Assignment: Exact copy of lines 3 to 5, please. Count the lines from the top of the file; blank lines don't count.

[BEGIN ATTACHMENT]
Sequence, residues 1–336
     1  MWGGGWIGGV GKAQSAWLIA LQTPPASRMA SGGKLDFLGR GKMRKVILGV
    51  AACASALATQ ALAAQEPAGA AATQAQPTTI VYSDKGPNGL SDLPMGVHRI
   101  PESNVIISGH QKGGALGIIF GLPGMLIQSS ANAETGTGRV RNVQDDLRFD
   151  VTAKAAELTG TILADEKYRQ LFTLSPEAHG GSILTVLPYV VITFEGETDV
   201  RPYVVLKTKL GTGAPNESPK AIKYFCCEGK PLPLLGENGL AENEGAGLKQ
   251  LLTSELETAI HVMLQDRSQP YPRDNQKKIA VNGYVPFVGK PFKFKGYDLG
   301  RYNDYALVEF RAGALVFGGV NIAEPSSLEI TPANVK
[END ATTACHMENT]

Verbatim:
    51  AACASALATQ ALAAQEPAGA AATQAQPTTI VYSDKGPNGL SDLPMGVHRI
   101  PESNVIISGH QKGGALGIIF GLPGMLIQSS ANAETGTGRV RNVQDDLRFD
   151  VTAKAAELTG TILADEKYRQ LFTLSPEAHG GSILTVLPYV VITFEGETDV